Showing posts with label Websockets. Show all posts
Showing posts with label Websockets. Show all posts

Tuesday, September 10, 2013

Coding Play Makes it Fun

Coding is always fun and sometimes play. But "Play" is also a framework. It's a fun framework, so Alexandros Bantis demonstrated at last nights Technology Radar Group Meetup.  His hands-on tutorial on the Play Framework and it's Akka messaging infrastructure, was delivered as a GitHub Repo of code demonstrating the use of Play both in Java and Scala.

Theoretical points of interest were how "Actors," "Futures," and "Promises" make life easier for the developer.  The Actors are implemented by a messaging infrastructure -- I gather that this is built into Play, via the Akka package, which is incorporated into Play. Play is a bundle of lots of cool technology into a bundled rapid-development stack. I particularly liked the way Play uses Websockets to monitor the code and incrementally compile it as needed, so that the hacker doesn't need to reboot a server (as with Tomcat, in the bad old days) in order to see his new code changes at work. Just a refresh of the browser and you can see what you have done -- whether it be good, or ill .... :-) In the modern code development world, jRebel is getting built in out of the box!!! And that's a good thing.

Another extremely cool point was how in Play even your HTML get's bound up with Static typecasting. So you can catch all the nasty errors up front even though you're developing client-side display. I'm not quite sure how it works in Java, but in Scala the type of the parameters to be passed seems be combined into a function. And if you pass a faulty type as an argument, low and behold, the browser reveals your type-error.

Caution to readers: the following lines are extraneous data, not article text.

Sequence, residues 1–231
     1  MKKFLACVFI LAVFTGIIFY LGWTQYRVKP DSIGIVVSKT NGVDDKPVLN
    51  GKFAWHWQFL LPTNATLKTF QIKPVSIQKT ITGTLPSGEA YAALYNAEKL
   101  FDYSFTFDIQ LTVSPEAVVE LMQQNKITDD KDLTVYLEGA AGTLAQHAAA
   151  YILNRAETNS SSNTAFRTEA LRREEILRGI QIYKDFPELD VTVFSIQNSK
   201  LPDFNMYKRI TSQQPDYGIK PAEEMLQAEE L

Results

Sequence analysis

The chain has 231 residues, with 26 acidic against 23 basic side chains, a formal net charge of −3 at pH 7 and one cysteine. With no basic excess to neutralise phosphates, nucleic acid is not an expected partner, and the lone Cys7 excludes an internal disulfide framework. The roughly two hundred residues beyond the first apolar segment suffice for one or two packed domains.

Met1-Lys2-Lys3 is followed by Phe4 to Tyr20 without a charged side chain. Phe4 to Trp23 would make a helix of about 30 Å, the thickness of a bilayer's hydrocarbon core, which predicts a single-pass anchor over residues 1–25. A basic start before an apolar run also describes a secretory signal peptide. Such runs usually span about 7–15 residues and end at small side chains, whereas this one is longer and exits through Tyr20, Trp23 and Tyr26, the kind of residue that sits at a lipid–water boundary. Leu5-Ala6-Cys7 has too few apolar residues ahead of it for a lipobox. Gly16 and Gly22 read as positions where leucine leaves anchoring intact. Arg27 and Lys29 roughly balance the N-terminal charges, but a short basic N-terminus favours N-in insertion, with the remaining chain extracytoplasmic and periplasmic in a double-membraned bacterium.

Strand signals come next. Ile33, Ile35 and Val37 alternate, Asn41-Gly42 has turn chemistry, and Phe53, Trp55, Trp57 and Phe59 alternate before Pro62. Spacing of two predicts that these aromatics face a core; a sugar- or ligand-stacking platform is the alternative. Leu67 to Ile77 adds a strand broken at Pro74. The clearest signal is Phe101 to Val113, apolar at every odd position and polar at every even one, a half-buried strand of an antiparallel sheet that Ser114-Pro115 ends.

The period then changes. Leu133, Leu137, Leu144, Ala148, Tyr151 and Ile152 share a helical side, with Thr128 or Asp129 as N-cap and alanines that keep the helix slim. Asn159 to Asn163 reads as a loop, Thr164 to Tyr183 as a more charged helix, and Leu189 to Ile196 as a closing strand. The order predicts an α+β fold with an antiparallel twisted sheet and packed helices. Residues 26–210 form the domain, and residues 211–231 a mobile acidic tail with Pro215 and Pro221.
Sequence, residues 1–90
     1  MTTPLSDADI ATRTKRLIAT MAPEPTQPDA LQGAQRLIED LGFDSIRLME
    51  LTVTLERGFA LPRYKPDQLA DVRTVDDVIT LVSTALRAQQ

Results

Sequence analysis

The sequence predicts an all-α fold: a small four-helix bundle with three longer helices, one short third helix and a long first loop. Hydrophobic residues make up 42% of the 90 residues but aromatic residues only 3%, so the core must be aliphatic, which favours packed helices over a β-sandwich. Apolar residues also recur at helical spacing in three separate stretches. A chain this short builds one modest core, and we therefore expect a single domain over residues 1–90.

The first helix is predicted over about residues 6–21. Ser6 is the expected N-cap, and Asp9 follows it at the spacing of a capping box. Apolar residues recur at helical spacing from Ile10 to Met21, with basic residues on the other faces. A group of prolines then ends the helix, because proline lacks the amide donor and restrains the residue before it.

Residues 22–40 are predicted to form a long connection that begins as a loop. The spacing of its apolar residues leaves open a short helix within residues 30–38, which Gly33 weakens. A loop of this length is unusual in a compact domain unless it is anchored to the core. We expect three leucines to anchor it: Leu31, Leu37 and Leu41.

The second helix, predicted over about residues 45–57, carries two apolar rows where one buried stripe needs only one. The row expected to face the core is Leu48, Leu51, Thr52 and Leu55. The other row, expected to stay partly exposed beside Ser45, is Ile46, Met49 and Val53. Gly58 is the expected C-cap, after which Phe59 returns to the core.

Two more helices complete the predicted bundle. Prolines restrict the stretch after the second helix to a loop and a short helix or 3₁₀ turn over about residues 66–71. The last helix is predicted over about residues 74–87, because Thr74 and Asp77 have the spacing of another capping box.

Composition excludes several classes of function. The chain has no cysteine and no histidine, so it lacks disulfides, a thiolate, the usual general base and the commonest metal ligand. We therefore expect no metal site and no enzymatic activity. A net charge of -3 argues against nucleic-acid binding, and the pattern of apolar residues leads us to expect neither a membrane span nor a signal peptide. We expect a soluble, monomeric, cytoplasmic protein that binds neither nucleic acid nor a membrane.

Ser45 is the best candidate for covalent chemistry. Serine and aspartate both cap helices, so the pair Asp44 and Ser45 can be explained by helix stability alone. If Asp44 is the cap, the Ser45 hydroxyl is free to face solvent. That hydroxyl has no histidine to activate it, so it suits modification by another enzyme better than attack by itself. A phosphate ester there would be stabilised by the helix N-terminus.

Finally, the evening was rounded out by a presentation of TechStacker by Rick Parker. A Heroku hosted tool written by a friend, this handy little site is a first stab at creating a crowd-sourced tool for the evaluation of software products. Rick is already using it to do his own evaluations, which are part of his day-job, and I'm certainly going to start putting in materials and experimenting with how Social Networks can be part of software evaluation. I might even go do the Play framework as my first eval on TechStacker! If you want to join in on this, please join in and sign up at

By the way, please don't complain to me about the TechStacker UI. Rick admitted that it's the worst imaginable. But hey, we'er geeks. We'd rather have a command line anyway, right? Who needs GUI?

Thanks to everyone for making the evening enjoyable as well as enlightening.

I remain faithfully,